I was interviewed by OStatic about the book and Drupal 6 in general.
All materials have been submitted and the book went to "manufacturing" today. I've also updated this website so that errata for the second edition can be submitted. I will update the Contents and Sample pages when the new versions become available.
The review of page proofs, which constitutes the last stage of production, has begun!
I thought I'd update everyone on the progress of the second edition of Pro Drupal Development.
The second edition will cover Drupal 6, and is expanded to cover new core topics like actions, triggers, AHAH, etc.
I am currently ahead of my writing schedule. It looks like I will be able to work on the book intensively in May when I will be taking some vacation from my day job. This means that I will have the final chapter in about four weeks from today.
It was a pleasure to attend the 2008 Boston Drupalcon and meet some of the many Drupal developers who have read Pro Drupal Development. One of the goals of the book was to bring smart people into the Drupal community -- people who don't have to be told how to set up PHP, or what CSS is. What they need is a technically detailed and accurate description of how Drupal works. This allows them to get up to speed quickly and minimize the time it takes to become productive with Drupal. From the conversations I had in Boston, it appears to have worked, and that is gratifying.
The second edition is coming along nicely.
It's interesting to watch the conspiracy theories over at Amazon.com. Perhaps the publisher and the author are sneakily in cahoots to sell books about Drupal 5 to unsuspecting Drupal 6 users! As is often the case, the truth is much less interesting. In the flurry of chapter revisions, final proofs and corrections, the detail of putting "Covers Drupal 5" on the cover was simply overlooked. I'm willing to bet the second edition will say "Covers Drupal 6" on the cover.
The rumors are true. A second edition of Pro Drupal Development is under construction, targeted for early summer. The second edition will cover Drupal 6.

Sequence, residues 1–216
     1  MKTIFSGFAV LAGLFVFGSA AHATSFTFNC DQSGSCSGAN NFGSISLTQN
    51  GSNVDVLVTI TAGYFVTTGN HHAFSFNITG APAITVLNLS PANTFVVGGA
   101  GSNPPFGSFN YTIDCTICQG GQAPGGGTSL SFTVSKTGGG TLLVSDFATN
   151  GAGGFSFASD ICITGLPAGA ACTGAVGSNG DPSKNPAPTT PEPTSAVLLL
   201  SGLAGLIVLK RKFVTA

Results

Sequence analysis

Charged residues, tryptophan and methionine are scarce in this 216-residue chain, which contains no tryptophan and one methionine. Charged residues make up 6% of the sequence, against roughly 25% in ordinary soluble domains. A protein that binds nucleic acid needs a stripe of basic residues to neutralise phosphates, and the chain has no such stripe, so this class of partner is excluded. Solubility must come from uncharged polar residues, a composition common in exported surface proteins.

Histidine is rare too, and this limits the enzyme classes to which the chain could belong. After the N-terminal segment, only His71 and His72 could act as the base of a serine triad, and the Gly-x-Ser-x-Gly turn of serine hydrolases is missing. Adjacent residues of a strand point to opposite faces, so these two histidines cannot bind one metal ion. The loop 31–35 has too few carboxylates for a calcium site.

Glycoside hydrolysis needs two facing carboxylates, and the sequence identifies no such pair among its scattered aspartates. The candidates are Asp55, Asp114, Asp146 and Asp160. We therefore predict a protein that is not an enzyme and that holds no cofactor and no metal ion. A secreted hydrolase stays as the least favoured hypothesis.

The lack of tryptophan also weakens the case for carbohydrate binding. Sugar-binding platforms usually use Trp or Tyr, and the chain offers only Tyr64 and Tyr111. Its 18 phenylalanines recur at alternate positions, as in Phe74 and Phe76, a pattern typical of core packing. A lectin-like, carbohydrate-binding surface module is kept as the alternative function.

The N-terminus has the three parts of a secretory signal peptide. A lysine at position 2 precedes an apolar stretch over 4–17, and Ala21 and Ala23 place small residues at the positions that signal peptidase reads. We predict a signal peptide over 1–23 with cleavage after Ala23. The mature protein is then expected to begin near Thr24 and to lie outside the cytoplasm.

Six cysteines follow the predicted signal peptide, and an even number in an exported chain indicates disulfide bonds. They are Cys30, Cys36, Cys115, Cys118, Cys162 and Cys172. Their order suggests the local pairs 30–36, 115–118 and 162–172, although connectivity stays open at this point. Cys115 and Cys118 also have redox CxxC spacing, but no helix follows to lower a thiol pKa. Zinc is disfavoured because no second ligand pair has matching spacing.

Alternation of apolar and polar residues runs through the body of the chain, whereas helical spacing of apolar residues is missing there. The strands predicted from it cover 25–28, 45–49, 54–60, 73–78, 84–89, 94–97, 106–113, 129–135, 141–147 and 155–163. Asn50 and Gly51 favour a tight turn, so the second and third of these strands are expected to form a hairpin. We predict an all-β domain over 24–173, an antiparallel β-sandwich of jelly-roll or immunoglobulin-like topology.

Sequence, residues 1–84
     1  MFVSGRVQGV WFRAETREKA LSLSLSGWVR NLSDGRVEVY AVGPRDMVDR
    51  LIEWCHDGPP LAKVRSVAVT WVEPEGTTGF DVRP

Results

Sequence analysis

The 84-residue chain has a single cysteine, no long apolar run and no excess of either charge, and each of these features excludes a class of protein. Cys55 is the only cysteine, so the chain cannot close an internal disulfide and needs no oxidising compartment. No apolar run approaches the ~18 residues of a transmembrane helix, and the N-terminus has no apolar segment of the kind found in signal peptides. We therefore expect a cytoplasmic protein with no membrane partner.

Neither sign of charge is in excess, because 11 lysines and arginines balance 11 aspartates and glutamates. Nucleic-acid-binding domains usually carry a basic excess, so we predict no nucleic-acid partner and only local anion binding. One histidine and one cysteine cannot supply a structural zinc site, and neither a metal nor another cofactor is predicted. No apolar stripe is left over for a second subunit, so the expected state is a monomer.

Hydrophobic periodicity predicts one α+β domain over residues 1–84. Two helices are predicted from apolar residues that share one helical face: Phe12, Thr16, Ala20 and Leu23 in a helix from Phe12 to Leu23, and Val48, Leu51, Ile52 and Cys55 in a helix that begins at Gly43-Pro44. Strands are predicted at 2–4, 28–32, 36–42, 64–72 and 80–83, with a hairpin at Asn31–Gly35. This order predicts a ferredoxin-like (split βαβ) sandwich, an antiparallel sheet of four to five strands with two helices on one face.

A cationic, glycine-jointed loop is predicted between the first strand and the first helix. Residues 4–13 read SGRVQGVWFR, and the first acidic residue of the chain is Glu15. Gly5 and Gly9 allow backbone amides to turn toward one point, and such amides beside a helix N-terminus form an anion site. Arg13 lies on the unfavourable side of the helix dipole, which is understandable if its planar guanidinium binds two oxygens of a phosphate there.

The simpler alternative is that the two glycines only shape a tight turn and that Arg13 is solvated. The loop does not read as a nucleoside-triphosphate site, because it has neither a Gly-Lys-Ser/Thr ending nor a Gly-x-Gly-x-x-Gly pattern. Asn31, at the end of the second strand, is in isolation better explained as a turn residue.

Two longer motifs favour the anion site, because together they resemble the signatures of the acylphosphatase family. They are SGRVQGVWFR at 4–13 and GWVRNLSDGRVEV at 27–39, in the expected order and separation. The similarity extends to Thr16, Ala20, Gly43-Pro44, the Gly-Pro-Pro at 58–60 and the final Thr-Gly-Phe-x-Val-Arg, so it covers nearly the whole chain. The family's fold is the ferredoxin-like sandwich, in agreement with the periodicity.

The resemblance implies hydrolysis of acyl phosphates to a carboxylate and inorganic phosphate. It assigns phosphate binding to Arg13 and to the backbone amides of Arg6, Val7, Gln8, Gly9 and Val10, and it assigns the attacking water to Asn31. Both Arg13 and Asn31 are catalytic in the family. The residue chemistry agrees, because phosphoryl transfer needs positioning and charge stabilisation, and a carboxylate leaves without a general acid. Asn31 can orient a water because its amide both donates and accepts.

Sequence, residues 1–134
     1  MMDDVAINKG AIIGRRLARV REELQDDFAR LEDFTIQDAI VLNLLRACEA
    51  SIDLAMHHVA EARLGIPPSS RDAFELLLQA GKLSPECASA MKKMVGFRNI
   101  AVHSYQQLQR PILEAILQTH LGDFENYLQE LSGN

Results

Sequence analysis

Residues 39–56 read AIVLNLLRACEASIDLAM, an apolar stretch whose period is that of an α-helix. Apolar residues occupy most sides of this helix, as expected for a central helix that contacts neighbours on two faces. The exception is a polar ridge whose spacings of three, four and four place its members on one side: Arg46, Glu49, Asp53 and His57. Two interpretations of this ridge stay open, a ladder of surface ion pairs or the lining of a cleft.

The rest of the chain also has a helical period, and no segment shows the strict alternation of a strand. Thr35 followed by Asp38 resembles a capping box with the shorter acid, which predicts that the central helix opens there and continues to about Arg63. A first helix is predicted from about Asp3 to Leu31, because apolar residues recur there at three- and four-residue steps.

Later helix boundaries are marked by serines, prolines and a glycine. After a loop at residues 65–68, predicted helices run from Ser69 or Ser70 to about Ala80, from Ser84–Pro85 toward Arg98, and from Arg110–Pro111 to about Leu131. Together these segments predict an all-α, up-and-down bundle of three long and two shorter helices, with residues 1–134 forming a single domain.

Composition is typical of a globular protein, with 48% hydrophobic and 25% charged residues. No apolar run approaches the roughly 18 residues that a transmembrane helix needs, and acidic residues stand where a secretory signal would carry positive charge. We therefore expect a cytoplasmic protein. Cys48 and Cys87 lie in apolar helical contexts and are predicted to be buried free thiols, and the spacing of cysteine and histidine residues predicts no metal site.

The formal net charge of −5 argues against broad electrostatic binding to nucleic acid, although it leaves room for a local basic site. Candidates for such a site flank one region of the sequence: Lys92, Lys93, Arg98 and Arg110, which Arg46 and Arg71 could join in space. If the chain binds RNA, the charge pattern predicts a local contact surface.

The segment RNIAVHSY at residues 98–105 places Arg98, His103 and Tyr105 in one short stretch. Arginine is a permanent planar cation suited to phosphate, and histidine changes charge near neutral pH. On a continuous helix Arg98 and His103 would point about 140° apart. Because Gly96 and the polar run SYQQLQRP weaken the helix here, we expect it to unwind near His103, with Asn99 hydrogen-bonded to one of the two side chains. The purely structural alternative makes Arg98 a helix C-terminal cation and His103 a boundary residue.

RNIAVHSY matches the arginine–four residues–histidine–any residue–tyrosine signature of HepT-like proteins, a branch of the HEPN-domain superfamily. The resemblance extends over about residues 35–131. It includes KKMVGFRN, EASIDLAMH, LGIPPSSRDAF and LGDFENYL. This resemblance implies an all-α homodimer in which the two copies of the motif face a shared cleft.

[Update: the second edition is now available.]
There seems to be some confusion about the annotation module example in Chapter 2 of the first edition of the book. I have had some angry emails from people who are frustrated. I apologize for not taking an even more step-by-step approach.
Perhaps the first mistake was on the top of page 13, where I wrote
Save your file and visit Administer - Site building - Modules. Your module should how up in the list. How exciting!
I meant to have the reader experience a sense of accomplishment here. Unfortunately, I think a lot of readers went ahead and enabled the annotation module at this point instead of just thinking "Cool! It's in the list of modules!" Wrong! If you enable the module before implementing the menu hook (which we do on the rest of page 13) Drupal will look for the menu hook, not find it, and cache the result internally. Then when readers typed in the menu hook and the settings hook on pages 13 and 14, they got frustrated because when they went to Administer - Site configuration there was no entry for the annotation module. That's because Drupal is using the menus it cached earlier. It didn't help that Drupal changed the title of the page from Settings to Site configuration (the book refers to Administer - Settings - Annotate when it should be Administer - Site configuration - Annotation settings. The URL path remains the same: http://example.com/?q=admin/settings/annotate.
So, if you are going through chapter 2, do not enable the annotation module until after you have added the annotate_menu() function and the annotate_admin_settings() functions to your module and saved the annotate.module file. That way, when you enable the module, Drupal will find the menu hook and add the Administer - Site configuration - Annotation settings entry.
I would insert a note to enable the module in the paragraph just before Figure 2.1.
Again, apologies to those who have been frustrated by this. Don't give up!
The book has been reprinted several times. At each reprinting, the submitted errata were incorporated. So if you have recently gotten a copy of the book, the older errata on this site may not apply.
Recently Matthew Pare submitted an entry to Errata suggesting that the lack of a trailing comma in array definitions throughout the book is an error because the Drupal coding standards call for it.
I deleted that submission and thought I'd give an explanation. First, that convention is not used throughout core. Second, I consider adding a comma to the end of your array definition, e.g.
$foo = array(
'bar' => 1,
'baz' => 2,
just in case you might add an element later to be a bit like this code:
$zonk = '';
; // we might add something later here so we need a semicolon
However, I have heard something about some IDE not indenting correctly if the comma is not there. I'm light on details. But if that is the case, it sounds to me like a bug in the IDE.
In summary, I consider the practice of putting a trailing comma after the terminal array element to be something that's fine practice but not necessary.
Update: chx informs me that the comma was originally added to the coding standards because (1) var_export() adds it; (2) it makes moving an element of an array up or down in the array easier, and (3) it makes adding a new element to an array easier.